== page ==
Daz Dillinger Makes Nearly $1 Million a Year Off Music Publishing Alone - DJBooth

Daz Dillinger Makes Nearly $1 Million a Year Off Music Publishing Alone

Daz makes $80K a year off "Ambitionz Az a Ridah" alone, so if you're really all about that paper, be all about that publishing.
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I've been trying to preach the gospel of music publishing to artists, but there's nothing I could write that would have the same power as getting a peak at an artist's actual publishing report. Thankfully, Dogg Pound member and west coast legend Daz Dillinger took to Instagram last night to reveal that he's making nearly $1 million a year (or approximately $200K a quarter) off publishing money alone. 

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Click here to watch the video on IG

As a quick refresher, publishing is the money generated by the lyrics and melody that make up a song, not necessarily the song itself. So for example, Daz has a publishing split on "Ambitionz Az a Ridah," so in addition to a cut of direct sales of the song/album, he gets paid anytime that song appears in a movie/TV show or commercial, is played on the radio, is performed live, is quoted, is sampled, is covered by another artist, etc. So yes, that means Daz also gets paid any time Kanye's "Family Business" gets purchased or played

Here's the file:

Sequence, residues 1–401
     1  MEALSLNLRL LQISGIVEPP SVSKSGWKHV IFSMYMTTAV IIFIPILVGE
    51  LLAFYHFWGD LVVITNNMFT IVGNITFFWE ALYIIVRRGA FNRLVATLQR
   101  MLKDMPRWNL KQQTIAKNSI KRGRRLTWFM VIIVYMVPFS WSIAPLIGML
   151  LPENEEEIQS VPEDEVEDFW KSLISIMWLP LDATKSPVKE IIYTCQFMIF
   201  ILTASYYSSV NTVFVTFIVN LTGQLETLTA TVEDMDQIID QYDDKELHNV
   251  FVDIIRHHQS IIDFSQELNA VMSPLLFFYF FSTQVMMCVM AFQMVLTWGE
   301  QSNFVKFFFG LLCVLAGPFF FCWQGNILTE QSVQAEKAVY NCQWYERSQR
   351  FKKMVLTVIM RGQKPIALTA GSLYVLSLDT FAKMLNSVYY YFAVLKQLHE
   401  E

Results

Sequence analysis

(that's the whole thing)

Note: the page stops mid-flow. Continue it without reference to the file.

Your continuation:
And because he was one of only two songwriters on "Ambitionz," the other being Tupac, and the sole producer, the publishing percentages aren't divided between many people. (In contrast, take a song like Kanye's "All Day," where the songwriters had to split publishing 31 ways.) And boom, that's how you make $80K a year from a song that's not on your album and doesn't have your name on it. 

That's why publishing can be so lucrative. Long after direct sales of a song or album have died down, having a publishing cut on a song means you can get big paydays even decades after the song was first released; hence his excitement for the release of the All Eyez on Me movie. So artists, while the business isn't as lucrative as it was in Daz' heyday (thanks Spotify), and not everyone's going to have the good fortune to land multiple legendary songs with multiple hip-hop legends, the lesson here is clear. If you're really all about that paper, you need to be all about that publishing. 

By Nathan S, the managing editor of DJBooth and a hip-hop writer. His beard is awesome. This is his Twitter.

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